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‘Nearly All Leading Voices in Learning Disability Advocacy Are White – This Must Change’

When the narrative is dominated by people who look different and don’t share ethnic minority experiences, the system will continue to fail, writes Ramandeep Kaur

Photo: Tina Gutierrez/Alamy

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“World-leading” and “ground-breaking” were the words Conservative MP Liam Fox used to persuade members of both the House of Commons and the Lords to enact into legislation a Private Members Bill for a Down Syndrome Act. With much fanfare and celebration of cross-party support, the Act was finally passed into law last April. 

A consultation has since come and gone, and there is still no sign of the much-hailed guidance, which was the core element of the Act. This, it was claimed, would describe what specialist help was required by people with ‘Down Syndrome’ (Fox and his supporters insisted on the American usage) and how to implement it.

The Act’s many supporters argued that it would help people secure the right support in education, health, social care and housing. Even the youth justice system, it was said, would be improved.

That was 18 long months ago.

At the time, Stephen Unwin and I criticised in these pages the deeply divisive and ineffective nature of the legislation. But, throughout the campaign, there was one crucial omission: nobody listened to people from ethnic minority groups.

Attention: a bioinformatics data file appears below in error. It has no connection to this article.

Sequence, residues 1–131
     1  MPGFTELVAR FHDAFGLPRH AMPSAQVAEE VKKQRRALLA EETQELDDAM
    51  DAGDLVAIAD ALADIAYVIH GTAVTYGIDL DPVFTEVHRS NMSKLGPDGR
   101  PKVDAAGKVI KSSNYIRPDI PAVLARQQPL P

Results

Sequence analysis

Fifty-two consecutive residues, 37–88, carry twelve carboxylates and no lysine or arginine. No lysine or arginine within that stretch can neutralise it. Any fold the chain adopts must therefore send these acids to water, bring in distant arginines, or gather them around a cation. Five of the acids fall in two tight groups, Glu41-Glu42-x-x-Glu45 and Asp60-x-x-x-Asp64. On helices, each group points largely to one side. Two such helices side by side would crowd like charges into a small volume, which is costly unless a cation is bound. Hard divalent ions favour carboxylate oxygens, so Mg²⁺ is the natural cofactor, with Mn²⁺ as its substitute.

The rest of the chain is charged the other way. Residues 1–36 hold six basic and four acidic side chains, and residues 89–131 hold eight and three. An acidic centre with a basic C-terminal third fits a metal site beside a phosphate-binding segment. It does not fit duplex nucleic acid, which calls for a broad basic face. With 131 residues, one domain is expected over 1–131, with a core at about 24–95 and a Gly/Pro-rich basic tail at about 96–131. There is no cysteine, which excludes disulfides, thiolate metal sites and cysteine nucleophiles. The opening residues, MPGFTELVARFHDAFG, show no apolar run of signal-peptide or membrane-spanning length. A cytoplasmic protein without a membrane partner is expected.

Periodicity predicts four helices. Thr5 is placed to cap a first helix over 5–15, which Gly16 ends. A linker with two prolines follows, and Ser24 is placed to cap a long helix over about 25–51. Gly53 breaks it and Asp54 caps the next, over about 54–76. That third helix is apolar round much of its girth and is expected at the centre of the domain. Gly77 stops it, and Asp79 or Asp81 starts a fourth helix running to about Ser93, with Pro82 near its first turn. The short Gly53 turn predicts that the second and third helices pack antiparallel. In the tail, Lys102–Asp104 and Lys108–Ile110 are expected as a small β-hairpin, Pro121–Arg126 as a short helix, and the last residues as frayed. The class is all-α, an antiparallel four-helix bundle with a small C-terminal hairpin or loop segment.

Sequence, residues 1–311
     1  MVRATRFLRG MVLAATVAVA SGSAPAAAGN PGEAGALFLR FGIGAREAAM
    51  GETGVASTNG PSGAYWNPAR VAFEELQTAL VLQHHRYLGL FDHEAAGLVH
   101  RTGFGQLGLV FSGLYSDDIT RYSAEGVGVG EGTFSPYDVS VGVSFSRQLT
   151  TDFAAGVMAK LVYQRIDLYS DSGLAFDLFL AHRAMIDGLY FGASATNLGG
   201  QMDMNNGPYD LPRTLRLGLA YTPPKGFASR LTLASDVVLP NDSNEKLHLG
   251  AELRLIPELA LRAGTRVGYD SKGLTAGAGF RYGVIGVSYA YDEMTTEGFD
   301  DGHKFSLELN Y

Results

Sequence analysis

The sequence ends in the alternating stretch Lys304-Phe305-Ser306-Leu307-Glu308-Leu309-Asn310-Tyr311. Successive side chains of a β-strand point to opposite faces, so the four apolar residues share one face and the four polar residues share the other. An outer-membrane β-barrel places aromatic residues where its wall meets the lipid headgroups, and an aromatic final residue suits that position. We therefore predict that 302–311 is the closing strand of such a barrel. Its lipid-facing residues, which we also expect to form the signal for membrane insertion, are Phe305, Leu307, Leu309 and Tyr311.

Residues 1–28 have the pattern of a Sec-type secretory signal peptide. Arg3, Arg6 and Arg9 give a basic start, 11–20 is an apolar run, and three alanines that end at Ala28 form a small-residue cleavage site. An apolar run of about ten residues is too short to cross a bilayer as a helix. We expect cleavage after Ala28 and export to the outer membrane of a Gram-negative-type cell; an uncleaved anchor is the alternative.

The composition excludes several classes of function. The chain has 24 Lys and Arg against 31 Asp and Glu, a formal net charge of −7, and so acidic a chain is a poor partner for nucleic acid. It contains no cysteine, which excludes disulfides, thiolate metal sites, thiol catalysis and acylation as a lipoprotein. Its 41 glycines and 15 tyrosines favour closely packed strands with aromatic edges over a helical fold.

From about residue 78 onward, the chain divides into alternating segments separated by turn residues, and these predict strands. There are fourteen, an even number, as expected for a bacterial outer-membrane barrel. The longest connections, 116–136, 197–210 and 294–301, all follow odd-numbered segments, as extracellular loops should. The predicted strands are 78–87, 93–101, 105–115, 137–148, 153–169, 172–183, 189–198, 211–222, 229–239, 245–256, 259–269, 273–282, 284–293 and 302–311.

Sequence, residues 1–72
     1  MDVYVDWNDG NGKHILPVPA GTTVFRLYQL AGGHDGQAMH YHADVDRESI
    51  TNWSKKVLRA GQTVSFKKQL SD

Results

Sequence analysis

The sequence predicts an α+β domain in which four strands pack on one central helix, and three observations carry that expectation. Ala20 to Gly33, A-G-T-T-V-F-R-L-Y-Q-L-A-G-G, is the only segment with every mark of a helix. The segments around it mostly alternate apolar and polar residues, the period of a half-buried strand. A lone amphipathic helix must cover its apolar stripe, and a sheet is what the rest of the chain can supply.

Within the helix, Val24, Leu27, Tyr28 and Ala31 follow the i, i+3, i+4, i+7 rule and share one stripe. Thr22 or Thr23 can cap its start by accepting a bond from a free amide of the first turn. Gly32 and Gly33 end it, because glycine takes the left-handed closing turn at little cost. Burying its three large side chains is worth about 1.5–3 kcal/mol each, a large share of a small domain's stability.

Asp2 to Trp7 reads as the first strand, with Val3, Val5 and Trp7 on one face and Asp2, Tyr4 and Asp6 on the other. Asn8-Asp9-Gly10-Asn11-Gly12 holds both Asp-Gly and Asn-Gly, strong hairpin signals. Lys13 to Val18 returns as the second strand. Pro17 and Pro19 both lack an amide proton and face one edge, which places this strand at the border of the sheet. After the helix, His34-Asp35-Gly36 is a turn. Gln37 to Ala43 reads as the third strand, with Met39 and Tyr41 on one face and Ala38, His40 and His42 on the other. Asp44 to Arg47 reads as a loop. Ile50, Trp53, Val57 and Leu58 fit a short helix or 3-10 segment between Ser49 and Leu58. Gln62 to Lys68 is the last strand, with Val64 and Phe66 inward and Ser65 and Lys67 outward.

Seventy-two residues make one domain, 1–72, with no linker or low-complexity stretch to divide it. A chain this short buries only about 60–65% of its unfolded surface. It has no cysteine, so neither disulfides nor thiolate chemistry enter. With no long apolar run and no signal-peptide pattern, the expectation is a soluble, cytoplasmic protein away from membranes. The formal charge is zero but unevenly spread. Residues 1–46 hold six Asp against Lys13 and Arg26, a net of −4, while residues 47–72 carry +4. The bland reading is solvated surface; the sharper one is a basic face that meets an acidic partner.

The so-called National Down Syndrome Policy Group (NDSPG) – all white, all middle-class – produced an ‘evidence-based’ paper to support its arguments, but there was not one mention of race, ethnicity or culture in its hefty 80 pages. 

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People like my son Harry, who has Down’s syndrome and is of mixed Indian and Northern Irish heritage, were completely ignored. When challenged, the NDSPG told me to find the evidence and report back. Here was a British Indian woman campaigning for the rights and dignities of her son, pointing out a problem not created by me, being told to go away and find the solution to something they had not even considered. Simply put, I was made to feel that I wasn’t wanted.

These problems occur across the public sector.

The COVID Inquiry recently heard from former Downing Street director of communications, Lee Cain, about how civil servants – especially policy-makers – are disastrously lacking in diversity (seen as a dirty word by some who argue that too much money is being spent on such things).

He explained that “if you lack that diversity within a team, you create problems in decision-making and policy development and culture”. This inevitably resulted in the needs of people from ethnic minorities being almost completely ignored when plans were being developed around how to tackle the Coronavirus. 

The impact, as we now know, was hugely negative – with by far the highest death rates being in the Bangladeshi and Pakistani communities. People with learning disabilities were up to six times more likely to die from COVID during the first wave of the pandemic.  Harry, who still lives at home, was fine, but statistically his chances were very limited.